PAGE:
Sometimes, several words from one language that share a single root are adopted into English more or less at the same time—that is, when it rains, it pours words. Those derived from the Latin praeceps (pronounced \PRYE-keps\) are a good example.
Praeceps has many uses. As an adjective it means “rushing forward, headlong,” “sudden,” or “steep.” As a noun: “a sheer drop or descent.” As an adverb: “headlong.” As a verb, the related word praecipitare (\prye-kip-ih-TAH-ray\) means “to fall suddenly.” Precipitous, precipitation, precipice, and precipitate are all English words that derive from this root.
The close connection between headlong and praeceps is no accident: the literal meaning of the Latin praeceps is “headfirst,” as it is formed from the Latin prae-, meaning “in front of” or “before”—the ancestor of pre- in English—and caput, meaning “head.”
The twin ideas expressed by words derived from praeceps are “rushed” and “steep.” The oldest of these English words, precipitation, originally meant “haste” and “the act of hurling or casting down”—it had no connection to water falling from the sky for another two centuries or more. In the 1500s its “haste” meaning was frequently used:
Therefore let vs take hede to procede by ripe deliberation, fearing least we repent us to much by leasure of our foolish precipitation and hastinesse.
— Thomas Paynell, The Treasurie of Amadis of Fraunce, 1572
Shakespeare used precipitation’s other early meaning, “the act of hurling or casting down,” with reference to a Roman form of execution by throwing someone from a cliff known as Tarpeian Rock:
Even from this instant, banish him our city, In peril of precipitation From off the rock Tarpeian never more To enter our Rome gates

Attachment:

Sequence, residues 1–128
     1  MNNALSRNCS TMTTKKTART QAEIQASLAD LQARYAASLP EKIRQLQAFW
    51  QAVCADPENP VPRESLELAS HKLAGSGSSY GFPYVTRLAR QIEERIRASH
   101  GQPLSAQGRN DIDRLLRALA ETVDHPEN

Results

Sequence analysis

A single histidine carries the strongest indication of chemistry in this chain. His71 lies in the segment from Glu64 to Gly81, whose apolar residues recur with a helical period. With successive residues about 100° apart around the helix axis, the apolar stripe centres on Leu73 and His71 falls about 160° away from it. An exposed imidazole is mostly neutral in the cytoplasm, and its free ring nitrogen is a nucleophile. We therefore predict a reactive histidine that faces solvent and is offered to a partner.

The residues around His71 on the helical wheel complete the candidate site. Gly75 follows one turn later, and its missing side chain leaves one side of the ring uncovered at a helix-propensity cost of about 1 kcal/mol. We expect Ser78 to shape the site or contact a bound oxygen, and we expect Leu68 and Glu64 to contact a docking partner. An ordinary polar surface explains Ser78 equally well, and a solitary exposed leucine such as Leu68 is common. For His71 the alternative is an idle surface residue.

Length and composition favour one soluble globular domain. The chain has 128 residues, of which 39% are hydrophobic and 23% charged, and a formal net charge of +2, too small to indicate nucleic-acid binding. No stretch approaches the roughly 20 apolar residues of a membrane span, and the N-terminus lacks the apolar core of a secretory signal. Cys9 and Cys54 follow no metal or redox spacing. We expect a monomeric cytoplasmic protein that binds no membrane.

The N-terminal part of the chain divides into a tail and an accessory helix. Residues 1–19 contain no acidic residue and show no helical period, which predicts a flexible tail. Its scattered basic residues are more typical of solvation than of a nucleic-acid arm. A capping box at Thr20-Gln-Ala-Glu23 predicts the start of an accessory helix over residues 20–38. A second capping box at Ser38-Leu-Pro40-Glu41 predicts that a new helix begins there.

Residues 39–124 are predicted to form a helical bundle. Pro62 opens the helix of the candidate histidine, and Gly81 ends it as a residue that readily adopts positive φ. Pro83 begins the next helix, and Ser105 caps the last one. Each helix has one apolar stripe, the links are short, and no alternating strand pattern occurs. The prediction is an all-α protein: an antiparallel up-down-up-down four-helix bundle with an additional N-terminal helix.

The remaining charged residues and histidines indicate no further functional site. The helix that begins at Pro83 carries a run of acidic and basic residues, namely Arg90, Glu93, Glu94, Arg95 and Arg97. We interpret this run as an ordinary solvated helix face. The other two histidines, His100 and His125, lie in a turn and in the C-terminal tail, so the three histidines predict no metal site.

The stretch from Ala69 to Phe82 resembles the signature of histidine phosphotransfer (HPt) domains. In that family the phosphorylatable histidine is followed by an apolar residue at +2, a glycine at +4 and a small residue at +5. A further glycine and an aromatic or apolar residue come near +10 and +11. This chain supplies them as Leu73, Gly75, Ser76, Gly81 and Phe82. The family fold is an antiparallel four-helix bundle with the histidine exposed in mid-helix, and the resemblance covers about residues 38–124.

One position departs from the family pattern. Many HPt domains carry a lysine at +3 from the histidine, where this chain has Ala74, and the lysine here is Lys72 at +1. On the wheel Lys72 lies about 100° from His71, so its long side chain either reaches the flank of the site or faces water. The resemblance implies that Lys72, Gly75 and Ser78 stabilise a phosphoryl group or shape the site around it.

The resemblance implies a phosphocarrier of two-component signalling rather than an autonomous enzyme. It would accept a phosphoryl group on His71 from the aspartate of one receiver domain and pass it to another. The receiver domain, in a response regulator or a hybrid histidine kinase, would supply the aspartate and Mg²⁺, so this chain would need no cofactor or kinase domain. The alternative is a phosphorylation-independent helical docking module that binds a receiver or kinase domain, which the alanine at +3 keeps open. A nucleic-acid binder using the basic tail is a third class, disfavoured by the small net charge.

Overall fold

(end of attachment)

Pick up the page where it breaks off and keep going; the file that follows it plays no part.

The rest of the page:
— William Shakespeare, Coriolanus, Act III, Scene 3
The corresponding verb precipitate (pronounced \prih-SIP-uh-tayt\) is used today to mean “to bring about especially abruptly” (“falling demand precipitated an industry crisis”), but its original meaning “to cast or hurl down, as from a precipice or height” was used in the same violent contexts as Shakespeare’s precipitation:
Him from that height shall Heaven precipitate By violent and ignominious death
— William Wordsworth, Sonnet XXI
Precipitate is also a noun (“a substance separated from a solution”) and adjective (“steep” or “fast,” as in “a precipitate decline”). It's usually pronounced \prih-SIP-uh-tut\ in these uses. These uses followed the verb into the language and are distinguished from it by pronunciation, but retain the ideas of “falling” shared with precipitation and “steep” shared with its other praeceps cousins.
Precipice first meant “a sudden or headlong fall,” a meaning now obsolete in English. Its literal meaning, “a sheer cliff,” was quickly followed by its figurative sense, “a point where danger, trouble, or difficulty begins” as in “He is on the precipice of a midlife crisis.”
Precipitous means “very steep” and also has a clear figurative use (“a precipitous drop in prices”). Precipitancy and its synonym precipitance mean “undue hastiness or suddenness” and were used more often in political contexts circa 1800 than they are today:
But the power in question has a further use. It not only serves as a shield to the Executive, but it furnishes an additional security against the enaction of improper laws. It establishes a salutary check upon the legislative body, calculated to guard the community against the effects of faction, precipitancy, or of any impulse unfriendly to the public good, which may happen to influence a majority of that body.
— Alexander Hamilton, The Federalist No. 73, 1788
Precipitation is by far the most frequently used of these words today, yet in Webster’s dictionary of 1828 there is no definition corresponding to the modern “hail, mist, rain, sleet, or snow.” The use of the word in this context seems to have come from the scientists who were observing weather in the late 1600s and were familiar with the idea of precipitation in chemical contexts. After all, “removing liquid particles from a smoke or gas,” that is, forming a precipitate (“a substance separated from a solution”) is the most basic definition of rain.
All of these words based on praeceps entered English over a period of about a century starting around 1500—a reflection of the both the beginnings of modern science and the interest in Classical languages and culture during the Renaissance. And though these words hurried into English with senses connected to “haste” and “steepness,” the use of precipitation to mean “rain” was added to the language much later, and doesn’t apply to the word’s etymological cousins: although it’s tempting to use precipitous to mean “rainy,” we caution you not to dive headfirst into it.